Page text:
Don Giovanni is back in black. Legendary Scottish Director Sir David McVicar’s shifts the action of Mozart’s masterpiece of of sexual morality into the Gothic period, thus celebrating the supernatural aspects of the story, heightening the emotional conflicts of the characters and in general darkening everything with the pitch of death.
Don Giovanni is the Italian translation of the more familiar Spanish name Don Juan. The Don is a notorious player, even keeping a glory journal numbering his sexual conquests, racking up hundreds in each city he visits. Interestingly, it is said that Casanova, the original womaniser, actually advised on the libretto and was in the audience when Mozart conducted the opening of Don Giovanni.
But this Latin lover is more than a libertine. He is a truly misogynistic and morally depraved Byronic character. He seduces, betrays, abandons and leaves in his wake a string of broken hearts, ruined reputations, resentment and rage. Not satisfied with taking all and sundry of the available single women as lovers, he steals a bride from her groom at their wedding celebration, and even murders a father who seeks to defend and avenge his daughter. What was seen in the classical age to be the fitting recompense for such a character becomes in this production a truly impressive finale. The stage floor opens its mouth, spilling forth foul vapours and groping ghouls, and Giovanni is swallowed into the bowels of hell.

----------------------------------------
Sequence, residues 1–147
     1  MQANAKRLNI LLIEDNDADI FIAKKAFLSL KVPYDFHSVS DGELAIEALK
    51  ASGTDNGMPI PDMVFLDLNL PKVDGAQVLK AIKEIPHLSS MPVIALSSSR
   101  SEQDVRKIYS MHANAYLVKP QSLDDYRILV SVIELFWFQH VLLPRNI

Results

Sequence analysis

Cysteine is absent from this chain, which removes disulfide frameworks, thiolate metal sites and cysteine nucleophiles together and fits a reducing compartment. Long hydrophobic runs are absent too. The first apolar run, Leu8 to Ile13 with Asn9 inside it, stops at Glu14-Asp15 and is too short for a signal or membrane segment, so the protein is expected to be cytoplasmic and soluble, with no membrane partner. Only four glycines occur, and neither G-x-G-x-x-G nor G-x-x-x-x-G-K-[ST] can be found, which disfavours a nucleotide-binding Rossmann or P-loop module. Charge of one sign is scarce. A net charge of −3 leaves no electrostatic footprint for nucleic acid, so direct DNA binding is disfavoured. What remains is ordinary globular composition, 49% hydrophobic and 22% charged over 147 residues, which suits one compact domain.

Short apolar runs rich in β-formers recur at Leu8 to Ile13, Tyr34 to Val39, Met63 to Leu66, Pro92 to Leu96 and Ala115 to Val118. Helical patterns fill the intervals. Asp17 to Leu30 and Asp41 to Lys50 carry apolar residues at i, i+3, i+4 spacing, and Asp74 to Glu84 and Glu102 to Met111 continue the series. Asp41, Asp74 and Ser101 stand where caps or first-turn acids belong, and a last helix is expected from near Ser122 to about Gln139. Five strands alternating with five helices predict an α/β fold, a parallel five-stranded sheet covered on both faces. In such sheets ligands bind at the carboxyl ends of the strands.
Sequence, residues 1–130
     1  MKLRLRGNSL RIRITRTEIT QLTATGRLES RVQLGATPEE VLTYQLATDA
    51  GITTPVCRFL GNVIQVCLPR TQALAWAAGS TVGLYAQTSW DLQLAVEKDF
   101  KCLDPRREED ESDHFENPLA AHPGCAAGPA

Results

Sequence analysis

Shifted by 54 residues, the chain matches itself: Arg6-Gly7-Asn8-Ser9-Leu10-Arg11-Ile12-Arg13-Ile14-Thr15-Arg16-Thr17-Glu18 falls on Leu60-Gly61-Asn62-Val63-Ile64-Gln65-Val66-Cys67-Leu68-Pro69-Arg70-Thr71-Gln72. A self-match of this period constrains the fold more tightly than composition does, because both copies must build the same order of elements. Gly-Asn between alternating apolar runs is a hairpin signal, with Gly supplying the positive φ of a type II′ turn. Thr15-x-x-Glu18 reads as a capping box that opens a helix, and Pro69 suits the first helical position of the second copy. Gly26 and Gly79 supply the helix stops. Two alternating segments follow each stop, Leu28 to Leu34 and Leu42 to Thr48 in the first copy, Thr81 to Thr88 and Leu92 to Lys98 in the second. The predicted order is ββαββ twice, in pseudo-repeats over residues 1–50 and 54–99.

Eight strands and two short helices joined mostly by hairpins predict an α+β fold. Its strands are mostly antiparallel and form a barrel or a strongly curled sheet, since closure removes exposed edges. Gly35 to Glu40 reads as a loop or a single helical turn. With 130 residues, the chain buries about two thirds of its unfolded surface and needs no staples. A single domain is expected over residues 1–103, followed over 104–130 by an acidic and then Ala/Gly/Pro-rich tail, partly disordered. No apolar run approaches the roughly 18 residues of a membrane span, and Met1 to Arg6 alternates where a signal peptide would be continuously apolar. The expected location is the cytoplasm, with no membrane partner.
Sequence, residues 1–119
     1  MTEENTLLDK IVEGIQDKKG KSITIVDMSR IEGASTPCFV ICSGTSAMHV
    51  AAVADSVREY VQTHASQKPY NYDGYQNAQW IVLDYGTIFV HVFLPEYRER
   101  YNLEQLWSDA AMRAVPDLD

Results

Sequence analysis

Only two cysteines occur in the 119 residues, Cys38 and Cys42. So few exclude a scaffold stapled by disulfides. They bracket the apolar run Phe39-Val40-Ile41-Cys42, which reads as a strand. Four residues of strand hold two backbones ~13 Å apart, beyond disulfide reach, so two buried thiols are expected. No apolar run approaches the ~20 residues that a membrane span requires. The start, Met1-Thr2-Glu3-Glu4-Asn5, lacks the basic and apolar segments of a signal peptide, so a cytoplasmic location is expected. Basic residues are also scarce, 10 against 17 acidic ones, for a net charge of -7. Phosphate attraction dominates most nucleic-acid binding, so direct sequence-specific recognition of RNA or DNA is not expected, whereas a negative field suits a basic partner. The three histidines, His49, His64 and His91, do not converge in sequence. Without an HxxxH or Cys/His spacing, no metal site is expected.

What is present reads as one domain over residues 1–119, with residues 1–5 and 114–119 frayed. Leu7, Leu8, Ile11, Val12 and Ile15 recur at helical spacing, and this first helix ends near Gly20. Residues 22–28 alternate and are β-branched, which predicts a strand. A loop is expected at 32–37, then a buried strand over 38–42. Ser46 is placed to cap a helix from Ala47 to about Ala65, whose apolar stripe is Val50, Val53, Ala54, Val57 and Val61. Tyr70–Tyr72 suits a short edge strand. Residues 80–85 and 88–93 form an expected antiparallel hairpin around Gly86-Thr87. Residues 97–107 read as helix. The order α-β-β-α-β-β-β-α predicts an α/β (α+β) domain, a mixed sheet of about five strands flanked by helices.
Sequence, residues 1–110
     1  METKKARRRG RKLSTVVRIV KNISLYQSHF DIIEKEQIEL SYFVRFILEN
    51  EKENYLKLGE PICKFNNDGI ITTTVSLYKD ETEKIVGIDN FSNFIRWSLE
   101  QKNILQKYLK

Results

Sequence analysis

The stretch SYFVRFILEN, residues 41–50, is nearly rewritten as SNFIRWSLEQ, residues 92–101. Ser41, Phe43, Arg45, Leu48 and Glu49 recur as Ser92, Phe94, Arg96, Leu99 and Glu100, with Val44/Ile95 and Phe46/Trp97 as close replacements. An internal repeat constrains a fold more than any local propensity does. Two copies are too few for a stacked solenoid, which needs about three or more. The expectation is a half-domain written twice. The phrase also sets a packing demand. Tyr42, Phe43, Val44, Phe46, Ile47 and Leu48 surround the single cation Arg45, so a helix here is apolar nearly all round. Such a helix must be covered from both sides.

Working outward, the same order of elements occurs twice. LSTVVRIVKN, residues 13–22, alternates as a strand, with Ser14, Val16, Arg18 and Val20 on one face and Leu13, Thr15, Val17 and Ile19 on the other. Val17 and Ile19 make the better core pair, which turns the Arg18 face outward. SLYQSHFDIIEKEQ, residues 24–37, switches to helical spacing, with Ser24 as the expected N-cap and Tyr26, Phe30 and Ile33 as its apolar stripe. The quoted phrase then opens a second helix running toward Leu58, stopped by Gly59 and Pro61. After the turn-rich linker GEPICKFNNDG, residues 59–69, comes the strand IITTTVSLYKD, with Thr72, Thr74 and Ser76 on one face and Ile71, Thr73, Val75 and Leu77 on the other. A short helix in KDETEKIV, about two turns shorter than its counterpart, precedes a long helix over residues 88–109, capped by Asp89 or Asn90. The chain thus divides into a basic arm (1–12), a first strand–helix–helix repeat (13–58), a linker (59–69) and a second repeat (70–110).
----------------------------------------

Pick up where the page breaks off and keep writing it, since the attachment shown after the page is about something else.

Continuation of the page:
Robert Jones’ set design is imposing and ominous. An ingenious use of perspective opens up the Joan Sutherland stage far deeper than would have seemed possible. An enormous central staircase, black walls and pillars cast shadows and create creepy hiding places. Pouring out of the sides are skulls and skeletons. Amongst the crumbling vaults, crypts and rotting corpses, the horrors of the story appear even more horrific. The costumes are mostly black too and David Finn’s lighting is very low. Add to that claps of thunder and flashes of lightning and everything is intensely dramatic and morbidly atmospheric.
Luca Micheletti takes on the anti-hero Don Giovanni with more than a touch of a strut in his step, showing his considerable dramatic talent and experience. His vocals are also strong. Shane Lowrencev brings a gangly, oafish comedy to the role of Leporello, though sadly his bass-baritone sits below audible range pretty much throughout the performance, at least for anyone seated outside of the Premium or A-reserve areas. This is the case too for Juan de Dios Mateus as Don Ottavio. For this reason alone, the women by far outshine the men, as their upper register vocals ring clearer and louder. Jane Ede as Donna Elvira is my pick as best vocalist, with Eleanor Lyons as Donna Anna and Anna Dowsley as Zerlina also shining. Xu Zhong conducts the small classical orchestra, complete with fortepiano, with expertise.
– Alicia Tripp
Alicia Tripp is a seasoned arts and music critic, as a former journalist for the ABC’s Limelight and State of the Arts magazines. She has a degree in Media & Communications, English and Music from the University of Sydney. As a pianist, ballerina and polylinguist, reviewing Sydney’s premiere concerts, operas, ballets and stage shows allows her to combine her passion for music, dance and the written word.
Don Giovanni is showing at Joan Sutherland Theatre, Sydney Opera House, from 24 January to 27 February 2020.
Purchase tickets now. The venue is accessible.
Disclaimer: Alicia Tripp was an invited guest of Opera Australia